5. I am more invested in paying attention to Mr. Sweetie’s bathroom schedule, because it saves me time and resources to know what sort of day or time of day it is. For example, I currently have several hybrid diapers, but I also have several pocket diapers. If it is Poop Day (every other day or every third day), I am heavier on my pocket diapers than on the hybrids, because, knowing that I will most likely get a poop blowout that wrecks my chances of reusing the shell, I go for the more absorbent and single-use approach. This applies to nighttime, too. However, if it is a typical day, I go for my hybrid diapers, knowing that one or two shells will get me through an entire day of changes, and my pail will be more full of just inserts. It therefore means that I may only have to wash diapers again after three days, saving water, instead of filling my pail unnecessarily with pee-filled, single-use pocket diapers that take up more space in the pail and leave me with mostly hybrids to manage on Poop Day (not the ideal way to maximize resources).
  6. I was using Seventh Generation baby wipes for awhile, and still have them around (mostly for when anyone else watches Mr. Sweetie, or for when I am out of the house), but am getting into using baby washcloths as reusable baby wipes to cut down my expenses and use of resources even further. All I do is run the washcloth under some warm water, squeeze it out, and use it, then clean it out in the toilet if necessary, and place it in the pail along with the diapers, to be cleaned in the same way described above.

I hope I have been able to explain my personal process and reasoning to anyone taking the time to read this, and that it makes the whole thing seem a lot more possible, or perhaps that a clearer picture is made on how other mamis or readers can easily and successfully get into cloth diapering. I am happy for the opportunity to provide more information on it, because I can’t help but think of myself when I was starting out, and how big of a project it seemed to me. If someone had given me a play-by-play of how it works, and what methods and products they used, it would have made it that much more appealing an alternative to me. I may have been scared away from it initially, were it not for my absolute commitment to seeing it through. Once I got a system down, it is now so routine for me that it is extremely easy, and I save thousands of dollars a year, and hundreds of disposable diapers being added to the trash a year, plus I keep the chemicals inside those disposable diapers off the skin of my little sweetie. Win-win-win!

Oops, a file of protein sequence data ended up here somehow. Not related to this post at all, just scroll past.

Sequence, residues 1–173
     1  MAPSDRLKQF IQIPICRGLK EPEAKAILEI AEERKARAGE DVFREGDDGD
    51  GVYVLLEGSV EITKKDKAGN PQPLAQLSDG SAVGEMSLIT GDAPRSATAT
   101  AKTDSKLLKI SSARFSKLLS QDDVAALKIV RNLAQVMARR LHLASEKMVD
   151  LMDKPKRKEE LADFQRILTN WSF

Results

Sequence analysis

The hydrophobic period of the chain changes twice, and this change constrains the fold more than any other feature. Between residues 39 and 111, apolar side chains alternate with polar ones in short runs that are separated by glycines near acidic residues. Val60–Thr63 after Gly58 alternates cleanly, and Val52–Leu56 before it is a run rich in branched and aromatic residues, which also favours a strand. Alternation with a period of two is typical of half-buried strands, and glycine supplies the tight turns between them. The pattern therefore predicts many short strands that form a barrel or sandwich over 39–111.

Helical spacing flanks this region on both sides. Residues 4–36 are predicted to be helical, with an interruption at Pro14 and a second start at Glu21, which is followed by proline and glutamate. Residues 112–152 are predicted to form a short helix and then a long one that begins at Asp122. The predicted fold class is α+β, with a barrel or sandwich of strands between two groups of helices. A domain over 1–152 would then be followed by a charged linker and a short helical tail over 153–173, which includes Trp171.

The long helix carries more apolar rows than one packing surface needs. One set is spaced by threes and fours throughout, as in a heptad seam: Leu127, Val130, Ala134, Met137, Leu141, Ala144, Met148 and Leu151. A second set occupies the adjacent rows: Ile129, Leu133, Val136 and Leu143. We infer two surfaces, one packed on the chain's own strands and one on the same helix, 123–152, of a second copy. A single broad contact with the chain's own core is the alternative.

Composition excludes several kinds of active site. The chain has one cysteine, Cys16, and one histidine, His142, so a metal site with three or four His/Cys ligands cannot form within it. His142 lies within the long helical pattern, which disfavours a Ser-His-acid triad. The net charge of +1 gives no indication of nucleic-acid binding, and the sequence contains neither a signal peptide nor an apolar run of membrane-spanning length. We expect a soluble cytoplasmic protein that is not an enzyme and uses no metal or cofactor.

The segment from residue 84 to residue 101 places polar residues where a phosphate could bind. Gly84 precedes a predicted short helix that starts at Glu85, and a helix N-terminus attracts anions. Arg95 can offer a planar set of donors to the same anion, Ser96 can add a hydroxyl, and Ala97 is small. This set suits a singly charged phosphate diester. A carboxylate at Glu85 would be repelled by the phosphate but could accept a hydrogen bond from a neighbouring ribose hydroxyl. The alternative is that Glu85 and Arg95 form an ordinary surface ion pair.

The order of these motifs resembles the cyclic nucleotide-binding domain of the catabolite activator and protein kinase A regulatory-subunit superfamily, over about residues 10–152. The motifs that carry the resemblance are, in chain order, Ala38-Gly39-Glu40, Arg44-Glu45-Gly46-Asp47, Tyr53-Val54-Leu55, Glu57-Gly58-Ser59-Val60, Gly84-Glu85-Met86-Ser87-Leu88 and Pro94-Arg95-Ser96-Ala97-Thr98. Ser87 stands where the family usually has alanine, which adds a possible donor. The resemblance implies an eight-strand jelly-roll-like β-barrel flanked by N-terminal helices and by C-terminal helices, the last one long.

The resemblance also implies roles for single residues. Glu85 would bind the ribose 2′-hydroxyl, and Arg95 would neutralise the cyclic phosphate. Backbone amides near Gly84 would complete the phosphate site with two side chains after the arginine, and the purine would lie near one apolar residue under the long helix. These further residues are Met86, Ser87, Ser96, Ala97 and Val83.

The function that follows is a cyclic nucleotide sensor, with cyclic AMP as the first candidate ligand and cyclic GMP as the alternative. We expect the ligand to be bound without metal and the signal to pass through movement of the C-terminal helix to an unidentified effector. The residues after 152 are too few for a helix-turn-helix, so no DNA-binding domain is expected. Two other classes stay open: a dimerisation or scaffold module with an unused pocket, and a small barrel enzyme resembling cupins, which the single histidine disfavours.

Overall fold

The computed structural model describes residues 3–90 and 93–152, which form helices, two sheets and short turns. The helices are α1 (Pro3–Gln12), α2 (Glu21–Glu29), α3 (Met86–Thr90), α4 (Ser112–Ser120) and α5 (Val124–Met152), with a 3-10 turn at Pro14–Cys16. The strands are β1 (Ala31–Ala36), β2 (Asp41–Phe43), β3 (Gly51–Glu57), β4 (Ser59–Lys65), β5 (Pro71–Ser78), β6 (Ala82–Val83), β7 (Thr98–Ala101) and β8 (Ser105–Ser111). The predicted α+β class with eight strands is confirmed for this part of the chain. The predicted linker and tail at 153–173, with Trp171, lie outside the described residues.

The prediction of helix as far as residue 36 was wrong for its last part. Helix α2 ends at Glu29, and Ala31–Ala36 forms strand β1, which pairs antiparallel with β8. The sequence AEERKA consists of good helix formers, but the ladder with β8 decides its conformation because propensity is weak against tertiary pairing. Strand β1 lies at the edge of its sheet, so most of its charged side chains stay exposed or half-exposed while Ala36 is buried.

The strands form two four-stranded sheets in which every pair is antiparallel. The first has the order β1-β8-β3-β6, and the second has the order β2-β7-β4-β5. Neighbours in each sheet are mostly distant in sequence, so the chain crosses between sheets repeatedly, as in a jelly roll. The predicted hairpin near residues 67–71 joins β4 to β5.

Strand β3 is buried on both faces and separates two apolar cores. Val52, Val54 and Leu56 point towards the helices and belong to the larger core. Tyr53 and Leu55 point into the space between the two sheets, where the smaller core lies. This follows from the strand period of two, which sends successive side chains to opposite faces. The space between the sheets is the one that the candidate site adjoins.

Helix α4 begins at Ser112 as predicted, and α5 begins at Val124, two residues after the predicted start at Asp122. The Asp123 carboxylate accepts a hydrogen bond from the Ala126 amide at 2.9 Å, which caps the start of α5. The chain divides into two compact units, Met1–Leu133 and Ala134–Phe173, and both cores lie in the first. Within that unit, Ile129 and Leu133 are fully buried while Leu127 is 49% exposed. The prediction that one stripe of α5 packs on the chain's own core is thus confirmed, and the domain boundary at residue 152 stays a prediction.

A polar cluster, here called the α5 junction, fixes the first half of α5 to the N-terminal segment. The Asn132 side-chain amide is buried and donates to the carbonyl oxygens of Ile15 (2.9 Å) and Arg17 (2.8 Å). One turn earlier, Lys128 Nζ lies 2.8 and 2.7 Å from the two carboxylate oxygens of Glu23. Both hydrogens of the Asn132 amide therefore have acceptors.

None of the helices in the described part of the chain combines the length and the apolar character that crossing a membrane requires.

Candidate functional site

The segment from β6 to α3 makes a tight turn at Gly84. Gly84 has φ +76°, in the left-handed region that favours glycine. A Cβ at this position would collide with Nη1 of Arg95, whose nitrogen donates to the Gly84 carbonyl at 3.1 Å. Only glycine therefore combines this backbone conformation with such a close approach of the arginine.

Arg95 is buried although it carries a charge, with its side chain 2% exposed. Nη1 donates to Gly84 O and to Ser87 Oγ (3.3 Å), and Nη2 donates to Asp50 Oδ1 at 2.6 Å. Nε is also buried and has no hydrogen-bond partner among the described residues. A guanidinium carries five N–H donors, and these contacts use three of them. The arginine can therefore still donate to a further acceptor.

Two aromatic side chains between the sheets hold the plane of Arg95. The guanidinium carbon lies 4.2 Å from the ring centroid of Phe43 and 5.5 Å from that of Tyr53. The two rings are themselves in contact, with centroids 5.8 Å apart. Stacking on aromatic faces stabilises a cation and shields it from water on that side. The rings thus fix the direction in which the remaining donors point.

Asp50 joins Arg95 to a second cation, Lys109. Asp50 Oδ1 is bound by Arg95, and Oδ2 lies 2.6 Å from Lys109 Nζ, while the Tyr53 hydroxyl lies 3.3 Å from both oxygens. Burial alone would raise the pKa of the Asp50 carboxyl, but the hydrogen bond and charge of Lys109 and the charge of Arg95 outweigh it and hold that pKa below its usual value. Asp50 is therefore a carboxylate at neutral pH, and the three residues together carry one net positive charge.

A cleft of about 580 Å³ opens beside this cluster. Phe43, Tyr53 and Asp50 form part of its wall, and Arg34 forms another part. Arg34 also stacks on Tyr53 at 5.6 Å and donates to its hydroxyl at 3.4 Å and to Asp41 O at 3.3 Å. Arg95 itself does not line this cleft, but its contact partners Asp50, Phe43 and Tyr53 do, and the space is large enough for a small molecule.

To date, I have personally spent $370 on my cloth diapers. I estimate that all baby-related trash I have produced would easily fit into one ten-gallon trash bag. Knowing that the cost of buying cloth diapers is a one-time investment, the only real future expenditure would be if I decided to buy any new ones. Detergent, electricity, and water are basically a wash, pun intended, because I coordinate diaper-washing into my other laundry that I am doing already, and don’t have enough diapers to take up the space of much more than two or three T-shirts per load. This $370 I have spent is compared to an average of $2,500 spent over a period of 2.5 years to diaper a baby using disposables. This amount does not include money spent on wipes. Not to mention the trash:

  • 24.7 billion disposable diapers are consumed per year in the US.
  • 92% of all single-use disposable diapers end up in a landfill
  • It takes 200-500 years for the diapers to decompose

I wanted to include an image of diapers in a landfill, but could not find one that wasn’t protected by copyright. Just type “disposable diapers landfill” into your search engine, for any further visual inquiries.

How much money are you spending on disposable diapers and wipes a year? How much trash per year are you adding to landfills because of your disposable diapers? How much would you like to save and cut back in those areas?

 

Encouraging Empowered Mamis To Do What They Do Everywhere

 

Mami

Mami is an artist, aspiring entrepreneur, and first-time, full-time mother. She enjoys long walks with Mr. Sweetie, good food and cooking, her family and dear friends, writing, arting and crafting. She doesn't know everything, but wants to learn, and loves to do research and share what she finds. She thinks life is like a box of puzzle pieces: you keep trying until it fits, because every piece has its place. She owns and operates whatever she sets her mind to, and knows that the sky is only the limit if you haven't left the ground yet.